Corpus ID: 237385653

Effects of Interfacial Distance and Electric Field on Graphene-Silicene Hybrid Structures

  title={Effects of Interfacial Distance and Electric Field on Graphene-Silicene Hybrid Structures},
  author={K M Abeywickrama and P. K. D. Duleepa P. Pitigala and W W P De Silva},
Graphene is a two-dimensional (2D) semimetal with high mobility in charge carriers due to the existence of Dirac points. Silicene is another promising material, with properties analog to graphene. Many silicon (Si) based electronic devices can be integrated via graphene-silicene (Gra/si) hybrid structures. These electronic applications are mostly based on the ability of tuning the band gap via electronic structure deformation that is expected to be achieved by multilayer stacking, applying… Expand

Figures from this paper


Substrate-induced bandgap opening in epitaxial graphene.
It is shown that when graphene is epitaxially grown on SiC substrate, a gap of approximately 0.26 eV is produced and it is proposed that the origin of this gap is the breaking of sublattice symmetry owing to the graphene-substrate interaction. Expand
Biased bilayer graphene: semiconductor with a gap tunable by the electric field effect.
It is demonstrated that the electronic gap of a graphene bilayer can be controlled externally by applying a gate bias and can be changed from zero to midinfrared energies by using fields of less, approximately < 1 V/nm, below the electric breakdown of SiO2. Expand
Structural, electronic, and optical properties of hybrid silicene and graphene nanocomposite.
It turns out that weak van der Waals interactions dominate between silicene and graphene with their intrinsic electronic properties preserved, and interlayer interactions in hybrid S/G nanocomposite induce tunable p-type and n-type doping of silicenes and graphene, respectively, showing their doping carrier concentrations can be modulated by their interfacial spacing. Expand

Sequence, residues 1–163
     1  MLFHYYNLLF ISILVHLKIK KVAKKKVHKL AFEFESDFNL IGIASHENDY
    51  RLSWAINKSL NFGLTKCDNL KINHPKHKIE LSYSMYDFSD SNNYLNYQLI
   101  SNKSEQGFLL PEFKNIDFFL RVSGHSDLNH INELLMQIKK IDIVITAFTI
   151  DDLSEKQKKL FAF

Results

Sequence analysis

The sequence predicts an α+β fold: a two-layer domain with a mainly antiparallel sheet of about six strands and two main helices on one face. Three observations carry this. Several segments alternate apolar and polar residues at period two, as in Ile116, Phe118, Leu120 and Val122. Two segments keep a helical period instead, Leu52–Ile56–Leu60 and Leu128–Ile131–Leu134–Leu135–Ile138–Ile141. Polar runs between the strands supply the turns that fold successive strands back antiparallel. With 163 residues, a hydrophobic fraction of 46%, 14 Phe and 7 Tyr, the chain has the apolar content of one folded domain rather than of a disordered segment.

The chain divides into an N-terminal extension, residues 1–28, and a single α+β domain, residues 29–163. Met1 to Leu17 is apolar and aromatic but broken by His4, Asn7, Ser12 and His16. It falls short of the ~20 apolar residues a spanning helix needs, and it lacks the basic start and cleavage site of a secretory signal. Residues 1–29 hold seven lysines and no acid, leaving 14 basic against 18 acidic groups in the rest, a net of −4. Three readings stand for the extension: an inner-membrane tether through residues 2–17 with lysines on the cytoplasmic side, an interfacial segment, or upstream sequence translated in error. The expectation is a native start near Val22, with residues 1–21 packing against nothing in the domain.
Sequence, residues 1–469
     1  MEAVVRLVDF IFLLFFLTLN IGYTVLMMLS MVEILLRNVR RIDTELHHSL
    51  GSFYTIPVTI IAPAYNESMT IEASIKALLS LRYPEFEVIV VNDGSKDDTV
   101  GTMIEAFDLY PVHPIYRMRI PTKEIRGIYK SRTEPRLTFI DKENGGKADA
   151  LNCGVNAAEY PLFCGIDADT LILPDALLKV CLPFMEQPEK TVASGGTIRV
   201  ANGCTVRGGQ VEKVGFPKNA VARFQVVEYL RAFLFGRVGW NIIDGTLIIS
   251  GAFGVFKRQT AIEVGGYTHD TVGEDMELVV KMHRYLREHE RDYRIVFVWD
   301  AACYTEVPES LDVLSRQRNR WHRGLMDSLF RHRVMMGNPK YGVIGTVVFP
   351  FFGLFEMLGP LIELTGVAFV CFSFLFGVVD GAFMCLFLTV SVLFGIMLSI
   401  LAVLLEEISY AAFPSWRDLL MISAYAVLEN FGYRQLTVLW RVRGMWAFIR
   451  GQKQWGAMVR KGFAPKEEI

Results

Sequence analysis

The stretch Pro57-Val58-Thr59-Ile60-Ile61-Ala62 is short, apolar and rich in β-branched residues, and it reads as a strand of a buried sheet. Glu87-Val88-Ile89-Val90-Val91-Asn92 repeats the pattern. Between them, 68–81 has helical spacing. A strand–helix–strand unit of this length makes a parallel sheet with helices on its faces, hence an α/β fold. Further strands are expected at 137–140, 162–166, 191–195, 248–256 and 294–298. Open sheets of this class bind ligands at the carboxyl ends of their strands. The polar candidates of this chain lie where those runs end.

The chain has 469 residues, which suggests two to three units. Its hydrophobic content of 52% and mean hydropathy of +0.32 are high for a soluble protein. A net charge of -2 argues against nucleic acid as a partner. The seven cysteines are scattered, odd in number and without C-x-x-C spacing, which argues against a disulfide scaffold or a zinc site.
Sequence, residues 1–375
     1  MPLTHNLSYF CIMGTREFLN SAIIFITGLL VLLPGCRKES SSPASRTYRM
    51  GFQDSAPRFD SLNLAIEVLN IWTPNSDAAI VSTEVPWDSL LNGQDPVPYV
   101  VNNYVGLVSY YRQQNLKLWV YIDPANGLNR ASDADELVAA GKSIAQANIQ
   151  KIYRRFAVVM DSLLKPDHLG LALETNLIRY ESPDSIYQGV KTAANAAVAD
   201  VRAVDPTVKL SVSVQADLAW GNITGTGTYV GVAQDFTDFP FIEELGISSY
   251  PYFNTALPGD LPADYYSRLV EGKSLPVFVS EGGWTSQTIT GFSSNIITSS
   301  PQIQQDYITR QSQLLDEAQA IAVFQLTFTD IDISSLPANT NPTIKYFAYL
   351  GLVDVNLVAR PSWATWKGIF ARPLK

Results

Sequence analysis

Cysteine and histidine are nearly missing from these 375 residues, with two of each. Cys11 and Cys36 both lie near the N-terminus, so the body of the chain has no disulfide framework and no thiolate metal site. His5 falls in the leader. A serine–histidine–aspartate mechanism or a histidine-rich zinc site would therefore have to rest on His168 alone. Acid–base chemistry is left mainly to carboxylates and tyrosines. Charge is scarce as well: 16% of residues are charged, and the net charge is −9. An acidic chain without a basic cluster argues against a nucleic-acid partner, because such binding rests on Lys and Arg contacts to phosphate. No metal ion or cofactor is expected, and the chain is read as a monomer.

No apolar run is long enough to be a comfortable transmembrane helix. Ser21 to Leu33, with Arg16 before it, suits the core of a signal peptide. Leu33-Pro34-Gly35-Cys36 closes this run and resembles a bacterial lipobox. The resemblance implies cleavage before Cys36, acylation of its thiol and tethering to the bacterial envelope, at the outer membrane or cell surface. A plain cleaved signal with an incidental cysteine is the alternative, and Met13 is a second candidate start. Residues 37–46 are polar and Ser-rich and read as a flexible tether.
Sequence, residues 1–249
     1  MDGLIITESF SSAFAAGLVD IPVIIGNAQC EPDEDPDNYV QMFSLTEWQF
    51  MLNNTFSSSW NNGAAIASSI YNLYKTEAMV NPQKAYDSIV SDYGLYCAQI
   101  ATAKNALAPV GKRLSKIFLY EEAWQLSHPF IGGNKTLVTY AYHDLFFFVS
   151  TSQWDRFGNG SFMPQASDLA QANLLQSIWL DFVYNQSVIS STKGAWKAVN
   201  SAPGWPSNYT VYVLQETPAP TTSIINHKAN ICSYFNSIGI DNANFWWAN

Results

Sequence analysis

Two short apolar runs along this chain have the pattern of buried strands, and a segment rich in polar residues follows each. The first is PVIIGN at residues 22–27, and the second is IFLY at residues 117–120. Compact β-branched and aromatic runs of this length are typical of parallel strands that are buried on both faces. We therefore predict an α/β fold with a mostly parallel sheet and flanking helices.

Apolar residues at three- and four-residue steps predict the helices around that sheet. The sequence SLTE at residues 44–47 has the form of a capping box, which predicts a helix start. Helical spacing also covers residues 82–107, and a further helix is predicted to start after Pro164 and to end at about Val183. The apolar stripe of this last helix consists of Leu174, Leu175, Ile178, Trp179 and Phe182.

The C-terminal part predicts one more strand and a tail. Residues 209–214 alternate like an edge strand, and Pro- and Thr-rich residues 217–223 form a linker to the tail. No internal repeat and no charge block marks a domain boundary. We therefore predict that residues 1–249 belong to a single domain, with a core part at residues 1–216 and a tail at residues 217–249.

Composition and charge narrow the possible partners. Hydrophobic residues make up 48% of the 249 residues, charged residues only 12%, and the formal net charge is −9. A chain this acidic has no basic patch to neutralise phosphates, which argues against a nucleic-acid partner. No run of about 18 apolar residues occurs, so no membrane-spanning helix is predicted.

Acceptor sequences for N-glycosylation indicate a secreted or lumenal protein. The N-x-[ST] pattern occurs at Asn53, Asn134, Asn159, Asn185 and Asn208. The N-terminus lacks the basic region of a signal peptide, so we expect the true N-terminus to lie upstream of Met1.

Extreme sensitivity of the electric-field-induced band gap to the electronic topological transition in sliding bilayer graphene
The electronic screening effect was also found to be enhanced with increasing lateral shift, apparently indicating that the massless helical and massive chiral fermions are responsible for the perfect and imperfect electronic screening, respectively. Expand
Control of Graphene's Properties by Reversible Hydrogenation: Evidence for Graphane
This work illustrates the concept of graphene as a robust atomic-scale scaffold on the basis of which new two-dimensional crystals with designed electronic and other properties can be created by attaching other atoms and molecules. Expand
Ultrathin epitaxial graphite: 2D electron gas properties and a route toward graphene-based nanoelectronics.
We have produced ultrathin epitaxial graphite films which show remarkable 2D electron gas (2DEG) behavior. The films, composed of typically three graphene sheets, were grown by thermal decompositionExpand
Large-scale pattern growth of graphene films for stretchable transparent electrodes
The direct synthesis of large-scale graphene films using chemical vapour deposition on thin nickel layers is reported, and two different methods of patterning the films and transferring them to arbitrary substrates are presented, implying that the quality of graphene grown by chemical vapours is as high as mechanically cleaved graphene. Expand
An atlas of two-dimensional materials.
This Atlas demonstrates the large diversity of electronic properties, including band gaps and electron mobilities of atomically thin materials, as well as rare earth, semimetals, transition metal chalcogenides and halides, and finally synthetic organic 2D materials, exemplified by 2D covalent organic frameworks. Expand
From graphene to graphite : Electronic structure around the K point
Within a tight-binding approach we investigate how the electronic structure evolves from a single graphene layer into bulk graphite by computing the band structure of one, two, and three layers ofExpand
Two- and one-dimensional honeycomb structures of silicon and germanium.
First-principles calculations of structure optimization, phonon modes, and finite temperature molecular dynamics predict that silicon and germanium can have stable, two-dimensional, low-buckled, honeycomb structures, which show remarkable electronic and magnetic properties, which are size and orientation dependent. Expand